“Comcast got paid for their services. Netflix satisfied their customers even more than they did previously. And we, the customer, watched old 'Breaking Bad' and 'Walking Dead' episodes in higher definition with a better connection.

“When websites want access to us, the customers, and want to pay more for that access, Comcast, Verizon, AT&T and others should have the right to give them that access. These rules forbid it.”

 This was a great example that I know we all can relate to. Truax continued.

“Second, the free-market will certainly settle any dispute to the benefit of consumers.

“If the Net Neutrality supporters end up being correct and an ISP starts to slow down access to things we want, we already have a solution: get a different ISP. If AT&T gets into a dispute with Buzzfeed and slows down their content to my computer, I will switch to a new Internet provider. And so will many others.

“As ISPs see the consequences of limiting their customers’ access to content, they will change their ways. We don’t need any help from the FCC to settle these disputes.  The free-market system is completely capable of arbitrating these disputes in a way that serves us: internet users. “

 Truax moved forward to his third point.

“Third, the method whereby Net Neutrality was enacted is dubious. The Internet and how it works is integral to almost everyone’s daily life. Just stop for a moment to think about how much you rely on the web. Three unelected officials just voted to change how the Internet works. No three people should wield that much power.

“Additionally, the rules the FCC released are over 300 pages. Why would it take 300 pages to say ISPs cannot treat websites differently? It shouldn’t. So what all is in these rules? They were passed without any transparency.”

Now Truax explained his fourth point.

“Fourth, regulation is the enemy of innovation. When the FCC regulated telecommunications (the phone) in the 1930s and 40s, we saw very little innovation in the phone for many years. Ask your parents. We progress to from short phones cords to long phones cords and changed from rotary-dialed phones to fancy touch-tone dial phones.

“Then the regulations began to expire late in the 1900s, and the ingenuity in the phone industry exploded. Check your pocket right now. You have just the latest in innovation on the phone.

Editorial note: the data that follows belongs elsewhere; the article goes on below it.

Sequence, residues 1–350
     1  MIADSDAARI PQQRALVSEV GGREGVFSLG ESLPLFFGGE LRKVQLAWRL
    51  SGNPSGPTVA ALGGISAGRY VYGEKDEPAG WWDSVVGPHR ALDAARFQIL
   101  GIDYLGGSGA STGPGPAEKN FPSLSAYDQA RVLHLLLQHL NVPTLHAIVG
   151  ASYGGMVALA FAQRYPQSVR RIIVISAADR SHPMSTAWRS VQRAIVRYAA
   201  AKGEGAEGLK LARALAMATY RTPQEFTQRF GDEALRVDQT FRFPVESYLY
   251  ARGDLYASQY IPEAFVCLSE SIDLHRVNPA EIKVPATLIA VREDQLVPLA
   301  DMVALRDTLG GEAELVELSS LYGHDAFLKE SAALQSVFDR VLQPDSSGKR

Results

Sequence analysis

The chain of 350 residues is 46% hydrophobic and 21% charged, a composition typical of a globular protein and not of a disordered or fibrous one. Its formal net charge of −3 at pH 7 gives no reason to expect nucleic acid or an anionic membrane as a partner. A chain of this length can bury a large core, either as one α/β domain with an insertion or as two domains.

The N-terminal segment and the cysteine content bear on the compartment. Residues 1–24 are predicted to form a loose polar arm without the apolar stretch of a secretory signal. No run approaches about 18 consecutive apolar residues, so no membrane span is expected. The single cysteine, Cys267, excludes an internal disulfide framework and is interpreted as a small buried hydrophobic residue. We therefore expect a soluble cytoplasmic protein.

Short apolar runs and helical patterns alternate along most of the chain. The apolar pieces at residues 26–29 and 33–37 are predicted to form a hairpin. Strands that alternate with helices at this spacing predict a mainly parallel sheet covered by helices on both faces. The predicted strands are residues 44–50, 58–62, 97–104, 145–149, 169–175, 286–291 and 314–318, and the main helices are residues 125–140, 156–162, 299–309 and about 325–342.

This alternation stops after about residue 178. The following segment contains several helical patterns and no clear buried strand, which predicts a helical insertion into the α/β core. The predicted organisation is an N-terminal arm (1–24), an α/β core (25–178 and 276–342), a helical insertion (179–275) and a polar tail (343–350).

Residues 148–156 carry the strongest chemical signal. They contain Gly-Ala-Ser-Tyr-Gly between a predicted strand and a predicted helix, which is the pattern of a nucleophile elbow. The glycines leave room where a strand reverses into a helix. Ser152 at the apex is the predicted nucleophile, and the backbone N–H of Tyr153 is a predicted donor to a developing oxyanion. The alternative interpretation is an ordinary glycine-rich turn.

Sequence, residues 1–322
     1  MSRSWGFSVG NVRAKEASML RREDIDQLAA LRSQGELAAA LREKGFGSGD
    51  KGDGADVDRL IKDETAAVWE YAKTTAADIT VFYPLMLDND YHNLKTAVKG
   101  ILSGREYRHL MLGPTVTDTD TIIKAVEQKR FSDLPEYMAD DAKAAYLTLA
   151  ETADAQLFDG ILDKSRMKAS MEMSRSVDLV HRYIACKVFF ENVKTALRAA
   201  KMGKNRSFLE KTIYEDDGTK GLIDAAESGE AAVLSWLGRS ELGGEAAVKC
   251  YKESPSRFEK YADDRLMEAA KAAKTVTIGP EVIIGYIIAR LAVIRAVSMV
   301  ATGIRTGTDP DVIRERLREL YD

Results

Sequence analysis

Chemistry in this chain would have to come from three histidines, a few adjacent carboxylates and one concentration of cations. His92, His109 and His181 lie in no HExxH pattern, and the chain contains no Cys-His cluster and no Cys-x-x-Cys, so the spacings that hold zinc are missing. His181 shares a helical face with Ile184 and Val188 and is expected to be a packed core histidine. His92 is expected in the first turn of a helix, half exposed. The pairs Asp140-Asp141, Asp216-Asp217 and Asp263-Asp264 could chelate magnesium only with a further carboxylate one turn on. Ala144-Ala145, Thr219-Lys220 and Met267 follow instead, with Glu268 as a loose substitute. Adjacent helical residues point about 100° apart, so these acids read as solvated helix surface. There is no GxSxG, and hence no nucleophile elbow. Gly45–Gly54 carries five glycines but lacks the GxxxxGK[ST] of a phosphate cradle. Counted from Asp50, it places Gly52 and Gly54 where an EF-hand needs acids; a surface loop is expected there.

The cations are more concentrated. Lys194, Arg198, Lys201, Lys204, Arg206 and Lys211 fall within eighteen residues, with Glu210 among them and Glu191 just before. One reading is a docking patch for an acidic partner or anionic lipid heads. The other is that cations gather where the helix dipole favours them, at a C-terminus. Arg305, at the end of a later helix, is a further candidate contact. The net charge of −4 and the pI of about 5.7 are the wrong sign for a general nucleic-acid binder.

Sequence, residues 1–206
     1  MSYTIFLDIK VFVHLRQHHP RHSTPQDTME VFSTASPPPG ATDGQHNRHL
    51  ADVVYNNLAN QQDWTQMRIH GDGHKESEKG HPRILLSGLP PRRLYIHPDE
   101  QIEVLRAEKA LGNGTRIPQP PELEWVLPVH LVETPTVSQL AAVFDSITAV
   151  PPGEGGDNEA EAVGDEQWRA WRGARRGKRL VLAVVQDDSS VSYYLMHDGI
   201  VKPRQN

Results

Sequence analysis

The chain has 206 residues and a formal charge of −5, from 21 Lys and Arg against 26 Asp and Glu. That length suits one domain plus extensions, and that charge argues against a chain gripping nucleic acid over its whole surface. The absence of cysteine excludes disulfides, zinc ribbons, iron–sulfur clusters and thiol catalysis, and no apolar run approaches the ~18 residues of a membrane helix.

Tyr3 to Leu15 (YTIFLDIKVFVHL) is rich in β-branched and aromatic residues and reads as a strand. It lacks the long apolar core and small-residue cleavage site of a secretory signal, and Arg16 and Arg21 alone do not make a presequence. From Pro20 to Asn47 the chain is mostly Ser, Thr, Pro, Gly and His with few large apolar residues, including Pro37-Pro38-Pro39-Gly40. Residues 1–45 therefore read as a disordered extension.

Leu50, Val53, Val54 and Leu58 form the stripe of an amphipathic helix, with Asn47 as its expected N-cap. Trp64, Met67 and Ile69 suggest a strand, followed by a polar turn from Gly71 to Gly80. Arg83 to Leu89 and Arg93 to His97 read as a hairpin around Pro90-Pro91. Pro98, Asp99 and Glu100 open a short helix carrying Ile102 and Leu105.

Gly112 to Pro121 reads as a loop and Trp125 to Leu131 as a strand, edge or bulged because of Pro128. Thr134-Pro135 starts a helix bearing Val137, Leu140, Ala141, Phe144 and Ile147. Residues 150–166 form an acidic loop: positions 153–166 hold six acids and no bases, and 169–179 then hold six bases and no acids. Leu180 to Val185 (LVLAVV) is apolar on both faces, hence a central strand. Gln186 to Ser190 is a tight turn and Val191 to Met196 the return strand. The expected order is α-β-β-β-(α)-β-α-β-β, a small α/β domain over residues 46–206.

“Net Neutrality will do the same to the Internet. We need Comcast, Verizon, and AT&T to continue having a motive to improve the Internet. Net Neutrality removes a great deal of their profit motive. The FCC might have just frozen the Internet in place.”

 Truax finished his thoughts in this way.

“To close, you may have grown up with ready Internet access. Do not take it for granted. The Internet might be the most important development the US has ever offered to the world. It is certainly in the top three. The Internet is incredible. We should not let the FCC ruin it.”

 Cory Truax did a great job of breaking down the business aspects of Net Neutrality but I fear there are more sinister political objectives at work here. Google is already known for pushing liberal biased sites and articles to the top of search inquiries while pushing the conservative biased sites and articles low on search results. Net Neutrality also intends to be a sort of internet grading system and police enforcement unit all in one. They intend to label news sources as either valid or invalid. Who will make these decisions?

We are talking censorship, folks. We have just gone through the most radical left wing assaults on American freedoms in 200 years. The 2014-midterm elections were a huge pushback against the broad power grabs and the people spoke clearly. They do not want the federal government taking so much power away from the states. Socialized healthcare and now a government-controlled media police are very reminiscent of pre- WW2 Germany. Net Neutrality is ultimately about controlling what information that we have access to and there is nothing neutral about it.